I challenge the assertions above, that (1) technique and (2) quality of lenses are that much of an issue.

Firstly, while the technique used to keep your lens stable will always be an issue, and probably more so in a camera with such a high resolution, the effective resolution of this camera is little different to that of a Nikon D7000, and less than that of a Canon D60/7D, given that they use cropped sensors, especially when using a lens with a similar focal length.

Secondly, and taking into account the use of a lens with a similar focal length on each of a DX and FX camera, you will get a much wider perspective in the FX-captured image. As such, should you wish to have a similar image perspective from an FX camera as you get from a DX camera, you would either need a lens with a focal length of 1,5x (or in canon's case, 1,6x) on the FX camera, or crop to DX size (a bit of a waste of all those pixels :))

Thirdly, lenses to resolve a 16mp image in DX in the case of the Nikon D7000, or an 18mp image for the canon D60/7D seem not to have been an issue to date. Why then, should resolving a 36mp image on a full-frame sensor, which does have a similar pixel size and improved light-capturing ability, cause additional concerns with the quality of the lenses used?

Note that three of the major benefits of a high-resolution sensor are the ability to:
- print bigger pictures (I would suggest that few would really exploit this benefit to the full);
- crop further than would otherwise be the case;
- down-sample pictures to final output size required and in-so-doing, resolve many other issues that cannot be achieved as successfully with an image from a lower resolution camera.

This does not imply that there are no disadvantages to high-resolution cameras, but I would still like to have the opportunity of exploiting the benefits of a D800 to the maximum.... Pity the bank manager says NO!
"Take nothing but memories, leave nothing but footprints"

Photographs help to crystallize memories, but cannot be seen to be a replacement of them!

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Morkel777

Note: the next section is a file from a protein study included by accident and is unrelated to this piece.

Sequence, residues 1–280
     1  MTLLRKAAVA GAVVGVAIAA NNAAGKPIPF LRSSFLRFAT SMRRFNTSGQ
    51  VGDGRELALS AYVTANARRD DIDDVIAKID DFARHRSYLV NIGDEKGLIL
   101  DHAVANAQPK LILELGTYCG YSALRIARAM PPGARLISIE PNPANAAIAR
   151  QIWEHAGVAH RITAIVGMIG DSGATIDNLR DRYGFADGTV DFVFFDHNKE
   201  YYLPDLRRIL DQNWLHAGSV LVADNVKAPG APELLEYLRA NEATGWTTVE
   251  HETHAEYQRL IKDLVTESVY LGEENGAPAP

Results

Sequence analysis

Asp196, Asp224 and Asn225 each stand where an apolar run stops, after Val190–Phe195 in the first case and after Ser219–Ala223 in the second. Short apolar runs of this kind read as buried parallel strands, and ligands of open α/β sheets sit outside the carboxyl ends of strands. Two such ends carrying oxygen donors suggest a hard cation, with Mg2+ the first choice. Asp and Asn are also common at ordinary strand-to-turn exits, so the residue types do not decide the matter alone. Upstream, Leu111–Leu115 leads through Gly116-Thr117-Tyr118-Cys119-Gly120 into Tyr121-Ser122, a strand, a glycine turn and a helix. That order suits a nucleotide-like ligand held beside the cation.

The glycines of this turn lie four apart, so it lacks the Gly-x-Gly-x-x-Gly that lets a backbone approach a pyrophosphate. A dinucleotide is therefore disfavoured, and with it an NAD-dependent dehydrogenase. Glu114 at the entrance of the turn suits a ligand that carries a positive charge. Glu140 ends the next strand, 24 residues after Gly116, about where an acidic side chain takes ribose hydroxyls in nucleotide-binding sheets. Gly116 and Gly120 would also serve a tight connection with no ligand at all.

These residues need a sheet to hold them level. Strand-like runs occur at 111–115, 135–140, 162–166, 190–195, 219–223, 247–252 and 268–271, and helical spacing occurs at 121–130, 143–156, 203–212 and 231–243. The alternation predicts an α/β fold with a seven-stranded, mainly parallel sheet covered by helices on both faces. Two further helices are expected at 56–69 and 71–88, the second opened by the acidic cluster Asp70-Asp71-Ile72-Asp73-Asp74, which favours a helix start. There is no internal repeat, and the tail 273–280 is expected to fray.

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Re: Nikon D800

Unread post by Morkel777 » Thu Apr 26, 2012 12:25 am

Scottm wrote:I challenge the assertions above, that (1) technique and (2) quality of lenses are that much of an issue.

Firstly, while the technique used to keep your lens stable will always be an issue, and probably more so in a camera with such a high resolution, the effective resolution of this camera is little different to that of a Nikon D7000, and less than that of a Canon D60/7D, given that they use cropped sensors, especially when using a lens with a similar focal length.

Secondly, and taking into account the use of a lens with a similar focal length on each of a DX and FX camera, you will get a much wider perspective in the FX-captured image. As such, should you wish to have a similar image perspective from an FX camera as you get from a DX camera, you would either need a lens with a focal length of 1,5x (or in canon's case, 1,6x) on the FX camera, or crop to DX size (a bit of a waste of all those pixels :))

Thirdly, lenses to resolve a 16mp image in DX in the case of the Nikon D7000, or an 18mp image for the canon D60/7D seem not to have been an issue to date. Why then, should resolving a 36mp image on a full-frame sensor, which does have a similar pixel size and improved light-capturing ability, cause additional concerns with the quality of the lenses used?

Note that three of the major benefits of a high-resolution sensor are the ability to:
- print bigger pictures (I would suggest that few would really exploit this benefit to the full);
- crop further than would otherwise be the case;
- down-sample pictures to final output size required and in-so-doing, resolve many other issues that cannot be achieved as successfully with an image from a lower resolution camera.